Step-by-step Guide – Sitters

House sitters provide their services for free as there is a mutual benefit in the arrangement for both home owners and house sitters. House sitters perform light duties, such as companion animal care and garden maintenance, in exchange for free accommodation.

House sitting offers: the opportunity to experience living in different communities, cultures and countries; low-cost holidays in your own country; the opportunity to save money to buy your own home or extend your travels; or for young adults living at home, spend some time living independently locally without the expense of moving out on your own. House sitters may choose to house sit close to where they live, or on the other side of the world.

  1. Plan ahead – give yourself plenty of time to find the right house to sit, but be alert to last minute opportunities.
  2. Browse the listings of available houses and register with Kindred Spirits House Sit or Swap to list your services as a sitter so that those requiring a sitter can contact you.
  3. Choose a friendly profile photo, with an uncluttered background. If you are a couple or family, include everyone in the photo.
  4. Write a detailed description of what you can offer, what your experience is, and why you want to house sit. Experience looking after companion animals is particularly important to detail. See our ‘Writing a Great Listing‘ tips.
  5. Once you are registered you can get in touch with registered home owners direct, or wait to be contacted.
  6. Look out for our fortnightly newsletter listing newly registered house sit opportunities.
  7. Once you find a suitable sitting opportunity, get to know the home owners and what is important to them – exchange messages via the site’s internal messaging system intially to protect your privay. When you are ready to go further, exchange names and direct email addresses or phone numbers. Talk on the phone, Skype or video phone so that you can ‘meet’ them in advance. If you are local or in the area, you may be able to meet them in person.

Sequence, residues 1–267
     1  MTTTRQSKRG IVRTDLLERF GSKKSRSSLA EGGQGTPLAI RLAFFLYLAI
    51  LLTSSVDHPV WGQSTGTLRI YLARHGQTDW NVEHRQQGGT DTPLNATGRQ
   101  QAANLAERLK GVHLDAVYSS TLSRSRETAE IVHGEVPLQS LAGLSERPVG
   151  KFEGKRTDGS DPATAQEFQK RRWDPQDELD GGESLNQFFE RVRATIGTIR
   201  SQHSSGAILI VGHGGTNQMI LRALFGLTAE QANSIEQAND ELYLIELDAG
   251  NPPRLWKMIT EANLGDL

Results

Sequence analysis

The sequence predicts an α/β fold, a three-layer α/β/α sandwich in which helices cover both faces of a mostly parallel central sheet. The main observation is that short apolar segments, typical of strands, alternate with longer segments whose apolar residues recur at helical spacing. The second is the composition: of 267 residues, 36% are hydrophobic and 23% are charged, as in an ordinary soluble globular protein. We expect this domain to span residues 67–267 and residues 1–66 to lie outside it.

8. Be prepared to provide a police check, or reference from previous sits or swaps or rental accommodation. If this is your first time, obtain permission from reputable people who know you, such as employers, to act as a referee for you, and provide telephone contact details. If you don’t have experience, think about ways to gain experience, such as offering to mind the property of friends or family if they are going away.
  9. The home owner should provide your with clear written instructions on caring for animals and garden, and go over these with you in person if possible, or by phone. If you are not provided with this information then ask – you can only do a good job if you are clear what your responsibilities are.
  10. If you would like to, you can make a written agreement with the home owner. This way there is a common understanding of the responsibilities of both parties. This can include, particularly for longer term sits or swaps, who is responsible for utilities bills and responsibilities if you are being loaned a car. See our FAQ for more information.
  11. Be sure to leave the property at least as neat and tidy as you found it. Repair or replace anything you damage or break.
  12. Finished a successful sit? Ask for a reference to help you get your next sit!